Angela Merkel crisis: German leader suffers humiliating drop in polls amid vaccine fury


Germany’s slow vaccination campaign has seen Angela Merkel suffer a dramatic drop in her own approval ratings. A new poll from Infratest Dimap this week showed that most Germans want coronavirus restrictions to be eased, while the government’s approval ratings have dropped as well. This comes as Ms Merkel extends Germany’s coronavirus shutdown by three weeks until March 28.

DW political corespondent Nina Haase explained: “Approval ratings particularly for Chancellor Merkel and her Government have been falling.

“Just 50 percent say they are satisfied with the federal government, while 49 percent are unsatisfied.

“During the first wave, Merkel’s approval ratings were high, because she was seen as someone who could master crises.

“But the fact they have dropped is due to the sluggish start to the vaccination campaign, the tug-of-war with the 16 state leaders, and the performance of her cabinet.

“Her health minister and economic minister have also suffered enormous slumps in their ratings as well.”

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The ARD-Deutschlandrend, a monthly nationwide survey, showed that 10 percent of Germans want restrictions lifted completely, 53 percent want the restrictions lifted partially, and only one third (34 percent) think the restrictions should not be lifted at all.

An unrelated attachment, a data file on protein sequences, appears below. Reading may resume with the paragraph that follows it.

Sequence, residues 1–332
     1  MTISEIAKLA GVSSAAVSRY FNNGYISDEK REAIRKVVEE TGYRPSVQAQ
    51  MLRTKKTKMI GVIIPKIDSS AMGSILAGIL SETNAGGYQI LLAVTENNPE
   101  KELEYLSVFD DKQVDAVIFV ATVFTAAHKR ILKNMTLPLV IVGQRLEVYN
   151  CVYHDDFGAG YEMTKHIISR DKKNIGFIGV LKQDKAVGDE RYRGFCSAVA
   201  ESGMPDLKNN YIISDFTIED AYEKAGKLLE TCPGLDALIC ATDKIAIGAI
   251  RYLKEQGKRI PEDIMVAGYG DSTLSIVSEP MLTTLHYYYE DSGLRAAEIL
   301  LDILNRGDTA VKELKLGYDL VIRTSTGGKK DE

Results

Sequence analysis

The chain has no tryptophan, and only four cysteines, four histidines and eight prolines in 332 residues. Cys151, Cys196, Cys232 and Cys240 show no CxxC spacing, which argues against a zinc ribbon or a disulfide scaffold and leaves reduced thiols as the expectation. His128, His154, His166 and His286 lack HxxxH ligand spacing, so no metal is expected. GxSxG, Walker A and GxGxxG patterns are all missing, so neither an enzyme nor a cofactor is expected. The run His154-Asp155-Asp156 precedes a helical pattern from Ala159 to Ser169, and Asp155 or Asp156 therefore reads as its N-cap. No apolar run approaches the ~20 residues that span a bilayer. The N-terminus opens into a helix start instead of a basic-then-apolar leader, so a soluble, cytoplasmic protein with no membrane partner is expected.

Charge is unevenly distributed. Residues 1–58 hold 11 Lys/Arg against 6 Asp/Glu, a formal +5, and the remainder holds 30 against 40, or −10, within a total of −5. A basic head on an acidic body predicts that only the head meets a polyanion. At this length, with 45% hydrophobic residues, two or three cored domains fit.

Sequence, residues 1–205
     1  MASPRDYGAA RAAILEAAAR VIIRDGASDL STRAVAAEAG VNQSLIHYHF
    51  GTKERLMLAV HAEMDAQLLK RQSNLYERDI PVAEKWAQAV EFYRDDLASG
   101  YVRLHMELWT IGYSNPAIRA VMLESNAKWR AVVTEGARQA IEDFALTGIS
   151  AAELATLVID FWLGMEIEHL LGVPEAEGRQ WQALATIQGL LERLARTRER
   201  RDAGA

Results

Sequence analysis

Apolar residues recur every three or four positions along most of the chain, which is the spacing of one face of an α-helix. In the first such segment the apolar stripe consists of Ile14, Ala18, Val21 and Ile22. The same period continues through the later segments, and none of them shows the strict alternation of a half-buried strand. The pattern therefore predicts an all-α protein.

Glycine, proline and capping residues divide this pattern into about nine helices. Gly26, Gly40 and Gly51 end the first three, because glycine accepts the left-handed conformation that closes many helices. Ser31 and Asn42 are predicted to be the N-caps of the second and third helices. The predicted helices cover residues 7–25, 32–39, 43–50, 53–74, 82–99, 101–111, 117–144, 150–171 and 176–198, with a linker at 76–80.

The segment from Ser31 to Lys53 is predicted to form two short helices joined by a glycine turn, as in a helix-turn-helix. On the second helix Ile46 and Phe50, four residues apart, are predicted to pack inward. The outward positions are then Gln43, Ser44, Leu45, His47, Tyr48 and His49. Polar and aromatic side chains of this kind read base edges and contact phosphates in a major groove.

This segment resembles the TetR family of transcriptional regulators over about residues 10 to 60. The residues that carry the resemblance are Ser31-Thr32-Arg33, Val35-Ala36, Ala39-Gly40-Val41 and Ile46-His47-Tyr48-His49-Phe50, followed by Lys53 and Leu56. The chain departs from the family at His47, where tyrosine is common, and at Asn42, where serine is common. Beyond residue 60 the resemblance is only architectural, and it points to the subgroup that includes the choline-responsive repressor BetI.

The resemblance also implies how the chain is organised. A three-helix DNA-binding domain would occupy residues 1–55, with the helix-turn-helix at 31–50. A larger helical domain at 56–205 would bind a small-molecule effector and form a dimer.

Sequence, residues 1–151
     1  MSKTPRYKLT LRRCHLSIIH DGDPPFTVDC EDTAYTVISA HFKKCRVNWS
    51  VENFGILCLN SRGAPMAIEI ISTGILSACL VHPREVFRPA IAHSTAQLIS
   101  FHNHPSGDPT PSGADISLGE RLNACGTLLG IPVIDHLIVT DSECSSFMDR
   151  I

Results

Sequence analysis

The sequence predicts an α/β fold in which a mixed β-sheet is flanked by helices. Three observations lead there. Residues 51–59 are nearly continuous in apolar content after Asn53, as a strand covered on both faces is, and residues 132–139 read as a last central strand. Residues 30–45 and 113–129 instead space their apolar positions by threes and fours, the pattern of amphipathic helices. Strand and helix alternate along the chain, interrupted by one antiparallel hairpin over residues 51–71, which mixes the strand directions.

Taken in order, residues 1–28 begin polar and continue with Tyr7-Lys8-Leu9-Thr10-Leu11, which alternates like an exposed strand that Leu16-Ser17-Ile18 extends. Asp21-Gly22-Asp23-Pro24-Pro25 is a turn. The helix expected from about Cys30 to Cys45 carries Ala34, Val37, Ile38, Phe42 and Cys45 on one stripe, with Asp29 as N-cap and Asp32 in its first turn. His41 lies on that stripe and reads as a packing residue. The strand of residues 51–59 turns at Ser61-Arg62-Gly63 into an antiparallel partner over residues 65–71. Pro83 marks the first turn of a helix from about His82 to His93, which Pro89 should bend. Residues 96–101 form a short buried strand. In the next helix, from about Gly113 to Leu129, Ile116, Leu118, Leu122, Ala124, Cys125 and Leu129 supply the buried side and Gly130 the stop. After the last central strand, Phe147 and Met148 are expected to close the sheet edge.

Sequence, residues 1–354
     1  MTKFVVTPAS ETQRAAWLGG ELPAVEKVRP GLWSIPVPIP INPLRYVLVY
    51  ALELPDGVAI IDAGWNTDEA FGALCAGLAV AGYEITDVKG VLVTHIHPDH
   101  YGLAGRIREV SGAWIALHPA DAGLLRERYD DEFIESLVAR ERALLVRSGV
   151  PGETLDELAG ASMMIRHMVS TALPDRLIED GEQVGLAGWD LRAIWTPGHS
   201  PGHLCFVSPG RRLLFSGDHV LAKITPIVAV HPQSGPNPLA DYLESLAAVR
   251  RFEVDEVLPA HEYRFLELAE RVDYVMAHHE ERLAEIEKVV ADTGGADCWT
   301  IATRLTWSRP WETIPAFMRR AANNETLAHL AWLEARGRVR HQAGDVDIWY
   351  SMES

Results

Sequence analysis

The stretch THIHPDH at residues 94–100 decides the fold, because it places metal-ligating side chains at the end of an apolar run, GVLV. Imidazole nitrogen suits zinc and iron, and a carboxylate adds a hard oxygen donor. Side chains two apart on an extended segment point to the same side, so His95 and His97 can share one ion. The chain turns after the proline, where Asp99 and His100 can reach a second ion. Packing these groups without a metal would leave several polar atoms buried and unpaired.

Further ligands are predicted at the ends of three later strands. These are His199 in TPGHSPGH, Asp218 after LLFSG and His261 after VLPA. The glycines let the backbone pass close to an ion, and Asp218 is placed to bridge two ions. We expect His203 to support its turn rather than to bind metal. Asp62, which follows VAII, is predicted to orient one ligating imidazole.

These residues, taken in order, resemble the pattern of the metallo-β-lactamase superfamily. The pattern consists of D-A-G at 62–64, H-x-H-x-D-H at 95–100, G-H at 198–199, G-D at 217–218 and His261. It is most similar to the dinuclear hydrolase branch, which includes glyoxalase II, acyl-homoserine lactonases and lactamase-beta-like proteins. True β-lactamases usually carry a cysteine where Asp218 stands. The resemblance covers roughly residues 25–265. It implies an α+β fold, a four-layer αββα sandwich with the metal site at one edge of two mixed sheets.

Ms Haase continued: “There is a desire from so many in this country for solutions other than simply extending the lockdown, such as stepping up testing and vaccinations – both of which have been very slow.”

“The parties themselves are split. Take Angela Merkel’s Conservatives, where 43 percent want restrictions to stay in place, versus 52 percent who say there needs to be a careful reopening.

“Merkel is in a dilemma with her own party.”

The EU has suffered a humiliatingly slow start to its vaccination programme, with many leaders forced to U-turn on their decision to snub the Oxford-AstraZeneca vaccine.

Germany has so far jabbed only five per cent of its 84 million population and in France the figure is just four per cent.

This is compared to the UK, where Matt Hancock announced that 40 percent to the adult population had been offered their first jab.

Despite results showing it is 94 per cent effective at reducing hospital admissions for coronavirus, EU leaders like Emmanuel Macron dismissed it as “quasi-effective”.

Germany is now expected to approve the vaccine’s use for over-65s, as Ms Merkel told reporters on Wednesday: “The German vaccine commission, whose recommendations we are happy to follow, will authorise AstraZeneca for older age groups.”



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